Simple design, that provides optimal functionality. The Control Box seems overly large, even though it has to accommodate the physical interface strip. On the positive side, the Control Box remains relatively cool, whereas the components of some other systems can become hot, literally, to the touch.
Control Box is heavy duty with nicely finished edges and sealing. Module and all headset components are well made, fit tightly together and appear robust. the push-to-talk (PTT) control is small, easy to install and use.
Cables are thin, thus lightweight, but have reinforced (strain relief) connectors. A minor detraction is the set of small and overly thick adhesive pads intended for use in mounting the headset assembly to a helmet. A test mount revealed how little adhesive surface the pad provides; it had trouble keeping the headset assembly in place on the helmet and the thickness of the pads moves everything further out into the air stream.
As a hub-based system, it rivals wired systems for versatility and performance. As a Bluetooth-based system it performs as well or better than other standalone Bluetooth systems. The Headsets, an integral part of the ‘system’ can also function as standalone devices, albeit in a limited sense.
The speakers are very good — on par with anything else evaluated this summer except for the Twiins intercom units (review). But I still think some improvement could be made. While a common radio can take care of group requirements, being able to use two systems together would be icing on the cake.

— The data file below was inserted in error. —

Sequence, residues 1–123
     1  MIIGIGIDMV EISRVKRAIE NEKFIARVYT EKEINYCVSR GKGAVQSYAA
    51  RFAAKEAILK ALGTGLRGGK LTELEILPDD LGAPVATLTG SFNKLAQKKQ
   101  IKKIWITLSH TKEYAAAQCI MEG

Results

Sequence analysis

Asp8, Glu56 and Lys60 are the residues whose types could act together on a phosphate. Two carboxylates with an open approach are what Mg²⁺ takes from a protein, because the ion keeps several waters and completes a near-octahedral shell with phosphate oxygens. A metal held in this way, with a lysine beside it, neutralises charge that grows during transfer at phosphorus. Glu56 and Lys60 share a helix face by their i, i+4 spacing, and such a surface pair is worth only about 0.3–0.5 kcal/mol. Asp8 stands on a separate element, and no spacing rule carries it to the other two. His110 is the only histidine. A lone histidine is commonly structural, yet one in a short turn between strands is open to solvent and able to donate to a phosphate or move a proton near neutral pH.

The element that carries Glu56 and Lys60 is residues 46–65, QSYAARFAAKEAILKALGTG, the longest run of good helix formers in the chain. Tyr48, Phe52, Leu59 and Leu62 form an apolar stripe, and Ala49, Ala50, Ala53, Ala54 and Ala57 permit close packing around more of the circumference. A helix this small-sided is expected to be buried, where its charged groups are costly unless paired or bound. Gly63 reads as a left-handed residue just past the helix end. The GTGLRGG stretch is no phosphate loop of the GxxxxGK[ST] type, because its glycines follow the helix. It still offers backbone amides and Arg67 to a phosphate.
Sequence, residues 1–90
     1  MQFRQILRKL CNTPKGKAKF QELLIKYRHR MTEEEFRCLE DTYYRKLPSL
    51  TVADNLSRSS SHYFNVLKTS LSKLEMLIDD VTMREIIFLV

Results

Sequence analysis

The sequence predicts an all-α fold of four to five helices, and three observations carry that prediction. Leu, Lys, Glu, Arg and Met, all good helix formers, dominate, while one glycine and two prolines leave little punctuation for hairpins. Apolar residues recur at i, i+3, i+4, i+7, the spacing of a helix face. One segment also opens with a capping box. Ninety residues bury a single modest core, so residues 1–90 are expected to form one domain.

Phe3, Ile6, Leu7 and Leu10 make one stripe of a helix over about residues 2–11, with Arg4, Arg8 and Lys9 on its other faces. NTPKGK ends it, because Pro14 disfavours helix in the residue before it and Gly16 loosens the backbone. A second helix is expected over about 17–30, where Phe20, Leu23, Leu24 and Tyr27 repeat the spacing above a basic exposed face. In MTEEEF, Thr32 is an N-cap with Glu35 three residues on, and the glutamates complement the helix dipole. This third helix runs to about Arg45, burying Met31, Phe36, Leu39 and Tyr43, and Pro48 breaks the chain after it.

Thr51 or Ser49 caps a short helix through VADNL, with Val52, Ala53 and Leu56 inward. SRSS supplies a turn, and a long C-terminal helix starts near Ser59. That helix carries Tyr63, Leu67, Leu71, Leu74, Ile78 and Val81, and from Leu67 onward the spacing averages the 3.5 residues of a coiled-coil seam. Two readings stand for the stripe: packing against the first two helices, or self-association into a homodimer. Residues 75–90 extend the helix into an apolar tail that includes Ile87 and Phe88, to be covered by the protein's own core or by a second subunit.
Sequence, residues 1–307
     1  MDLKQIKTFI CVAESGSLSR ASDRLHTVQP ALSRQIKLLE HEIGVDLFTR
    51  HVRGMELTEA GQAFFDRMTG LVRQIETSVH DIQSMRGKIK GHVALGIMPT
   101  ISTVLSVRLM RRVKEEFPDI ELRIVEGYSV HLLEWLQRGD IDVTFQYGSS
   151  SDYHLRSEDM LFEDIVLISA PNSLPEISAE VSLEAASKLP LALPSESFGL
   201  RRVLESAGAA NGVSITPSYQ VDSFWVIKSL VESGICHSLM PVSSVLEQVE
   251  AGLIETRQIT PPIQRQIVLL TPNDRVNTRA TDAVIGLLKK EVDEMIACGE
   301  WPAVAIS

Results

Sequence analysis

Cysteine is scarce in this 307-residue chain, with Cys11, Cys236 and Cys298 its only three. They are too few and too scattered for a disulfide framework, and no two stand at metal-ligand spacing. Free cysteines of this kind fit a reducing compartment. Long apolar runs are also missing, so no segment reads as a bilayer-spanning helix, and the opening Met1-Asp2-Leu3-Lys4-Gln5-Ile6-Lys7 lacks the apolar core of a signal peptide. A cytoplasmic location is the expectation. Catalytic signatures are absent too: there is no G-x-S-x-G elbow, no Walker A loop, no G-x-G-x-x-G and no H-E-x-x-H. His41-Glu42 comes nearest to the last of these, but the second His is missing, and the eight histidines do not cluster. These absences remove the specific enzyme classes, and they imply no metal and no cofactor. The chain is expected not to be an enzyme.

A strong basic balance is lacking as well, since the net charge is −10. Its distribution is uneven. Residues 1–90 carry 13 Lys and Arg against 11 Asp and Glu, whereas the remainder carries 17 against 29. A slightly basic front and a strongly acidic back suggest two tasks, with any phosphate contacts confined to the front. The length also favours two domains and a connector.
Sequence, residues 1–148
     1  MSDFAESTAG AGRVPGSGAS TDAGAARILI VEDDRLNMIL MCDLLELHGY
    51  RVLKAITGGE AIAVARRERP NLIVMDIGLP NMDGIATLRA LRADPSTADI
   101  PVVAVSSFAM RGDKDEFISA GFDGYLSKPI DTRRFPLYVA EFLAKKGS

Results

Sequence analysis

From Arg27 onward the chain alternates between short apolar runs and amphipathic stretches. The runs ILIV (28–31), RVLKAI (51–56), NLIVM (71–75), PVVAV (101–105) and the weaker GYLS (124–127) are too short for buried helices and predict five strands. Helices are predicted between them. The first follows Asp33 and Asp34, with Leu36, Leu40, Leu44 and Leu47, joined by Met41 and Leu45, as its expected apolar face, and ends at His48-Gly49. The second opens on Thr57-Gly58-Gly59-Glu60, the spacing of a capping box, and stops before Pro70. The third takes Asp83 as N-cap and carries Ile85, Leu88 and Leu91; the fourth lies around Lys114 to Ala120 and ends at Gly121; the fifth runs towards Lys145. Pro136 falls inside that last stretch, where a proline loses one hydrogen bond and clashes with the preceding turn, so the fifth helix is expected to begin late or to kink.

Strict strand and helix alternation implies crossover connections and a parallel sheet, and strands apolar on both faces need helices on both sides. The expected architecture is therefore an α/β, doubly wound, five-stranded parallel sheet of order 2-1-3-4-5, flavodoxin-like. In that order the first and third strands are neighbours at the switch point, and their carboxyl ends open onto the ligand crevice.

To some degree enabling the rider and passenger headsets with a Class A powered link feature would do the trick. One of the best features is the ambient noise monitoring capability — it provides automatic gain control so that audio levels remain constant as ambient noise levels increase or decrease. I have come to deeply appreciate this feature and wish it were a part of a few other systems.
If the Control Box and optional Noise Filter units can be accommodated there isn’t much else to worry about, except which mounting option to exercise for the helmets. Ignoring the provided adhesion pads and using something a bit more effective will resolve that fitment issue.
Setup and Configuration
Even with more pieces, more buttons to push and more lights to watch, everything went together, everything worked the first time and everything in the instructions was completely understandable.
Take the time to set the volume output levels on connected devices, set the individual helmet volume levels as well as the intercom activation levels, then sit back and let the Control Box maintain the helmet environment. The ‘Easy Button’ has been getting a workout this summer — this is a good trend.
There is very little to ping here, every feature works as advertised and with compatible radios available, the common radio capability seems to work just fine, although I am going to put a small place-holder here to allow any longer-term feedback.
With the Control Box powered, the headset modules always receive a full-power signal, leaving only the headsets to run on internal power and run they do. I easily get ten to twelve hours and more of steady use (music steaming and intercom use) from each headset. Apples to apples between both wired and wireless systems: the BikerCom stacks up near the top.